In fact, they process speech in a similar manner to humans.

By Grace Elkus,
Updated August 31, 2016
Fact:“There are certain creatures, like a deer tick, that will be on deer, mouse, or a human, but not head lice. They only like humans,” explains Dr. Orlow. Head lice crave nothing but human blood and a warm scalp, so you can rule out your pets when trying to figure out what caused you or you child to have a case of lice.
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Confirming what many pet lovers already suspected to be true, a new study from Hungarian researchers suggests that dogs might actually understand what their owners are saying to them. The researchers found that dogs care both about what we say to them as well as howwe say it, and combine the two to interpret the words' meaning. The results of the study are published in the journal Science.

Humans understand speech by relying on both vocabulary and intonation, or the rise and fall of a person’s voice as he or she is speaking. To determine whether dogs depend on these two factors as well, the researchers trained 13 dogs to lay motionless in an fMRI, which analyzed each dog's brain activity as they listened to recordings of their trainers.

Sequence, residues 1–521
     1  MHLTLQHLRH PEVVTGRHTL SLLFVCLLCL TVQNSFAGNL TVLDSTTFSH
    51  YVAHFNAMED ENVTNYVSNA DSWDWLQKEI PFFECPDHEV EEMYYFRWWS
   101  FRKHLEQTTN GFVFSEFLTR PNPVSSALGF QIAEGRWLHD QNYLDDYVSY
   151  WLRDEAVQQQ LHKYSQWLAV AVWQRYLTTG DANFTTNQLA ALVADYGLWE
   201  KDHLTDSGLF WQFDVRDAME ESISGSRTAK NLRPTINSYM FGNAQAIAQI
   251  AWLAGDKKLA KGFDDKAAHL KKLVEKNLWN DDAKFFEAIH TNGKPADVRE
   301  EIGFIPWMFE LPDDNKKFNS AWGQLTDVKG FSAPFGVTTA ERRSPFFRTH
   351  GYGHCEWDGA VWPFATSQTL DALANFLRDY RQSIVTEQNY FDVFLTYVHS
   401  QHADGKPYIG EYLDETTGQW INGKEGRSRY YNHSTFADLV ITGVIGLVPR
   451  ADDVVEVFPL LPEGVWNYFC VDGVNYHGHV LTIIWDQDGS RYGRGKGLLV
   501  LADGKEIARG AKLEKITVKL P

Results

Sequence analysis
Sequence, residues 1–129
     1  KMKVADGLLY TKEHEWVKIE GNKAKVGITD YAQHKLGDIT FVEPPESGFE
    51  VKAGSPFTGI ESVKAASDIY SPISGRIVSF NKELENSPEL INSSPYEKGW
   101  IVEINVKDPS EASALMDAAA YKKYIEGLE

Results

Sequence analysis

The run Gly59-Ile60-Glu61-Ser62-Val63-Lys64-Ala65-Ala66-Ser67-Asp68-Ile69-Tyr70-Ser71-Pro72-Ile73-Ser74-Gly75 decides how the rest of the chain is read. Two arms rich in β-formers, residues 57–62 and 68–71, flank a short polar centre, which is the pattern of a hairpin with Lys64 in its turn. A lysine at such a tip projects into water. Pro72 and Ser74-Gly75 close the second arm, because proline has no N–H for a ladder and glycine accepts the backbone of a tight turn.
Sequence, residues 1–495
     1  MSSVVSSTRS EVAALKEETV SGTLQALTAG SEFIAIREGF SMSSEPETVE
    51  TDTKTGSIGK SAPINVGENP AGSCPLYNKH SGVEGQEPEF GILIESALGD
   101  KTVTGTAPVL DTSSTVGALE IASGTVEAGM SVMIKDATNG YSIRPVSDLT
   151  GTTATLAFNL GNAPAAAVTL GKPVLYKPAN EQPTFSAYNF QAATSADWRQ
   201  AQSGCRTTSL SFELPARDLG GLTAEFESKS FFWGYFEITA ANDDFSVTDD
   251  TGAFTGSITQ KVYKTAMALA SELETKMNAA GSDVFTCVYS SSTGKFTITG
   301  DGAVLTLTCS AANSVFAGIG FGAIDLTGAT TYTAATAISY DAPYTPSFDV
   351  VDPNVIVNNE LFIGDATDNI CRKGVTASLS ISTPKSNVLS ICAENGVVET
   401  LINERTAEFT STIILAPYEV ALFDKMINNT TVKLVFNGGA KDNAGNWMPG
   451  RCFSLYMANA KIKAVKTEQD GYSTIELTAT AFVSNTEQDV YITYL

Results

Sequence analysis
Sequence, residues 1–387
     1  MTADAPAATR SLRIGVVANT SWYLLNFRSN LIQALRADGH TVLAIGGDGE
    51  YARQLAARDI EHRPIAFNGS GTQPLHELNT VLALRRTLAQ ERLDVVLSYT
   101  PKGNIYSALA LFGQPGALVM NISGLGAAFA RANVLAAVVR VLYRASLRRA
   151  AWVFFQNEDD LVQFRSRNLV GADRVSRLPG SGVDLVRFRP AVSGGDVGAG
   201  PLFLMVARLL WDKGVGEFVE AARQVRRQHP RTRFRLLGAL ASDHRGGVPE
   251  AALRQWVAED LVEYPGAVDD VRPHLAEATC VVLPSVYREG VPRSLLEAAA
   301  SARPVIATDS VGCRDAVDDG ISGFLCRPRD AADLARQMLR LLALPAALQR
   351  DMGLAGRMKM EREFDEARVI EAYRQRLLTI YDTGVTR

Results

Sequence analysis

The recordings consisted of four combinations of vocabulary and intonation: praising words (“good boy”) with praising intonation, praising words with neutral intonation, neutral words (“however”) with praising intonation, and neutral words with neutral intonation.

The results confirmed that the dogs process speech very similarly to humans—they process vocabulary and recognize distinct words with the left hemisphere of their brains (as humans do), and process intonation separately in the right hemisphere in the brain (also like humans). The dogs' reward centers were activated with praise, but only when the praising words were said in praising intonation.

“This shows…that dogs not only separate what we say from how we say it, but also that they can combine the two for a correct interpretation of what those words really meant,” Attila Andics, lead researcher of the study, said in a statement.

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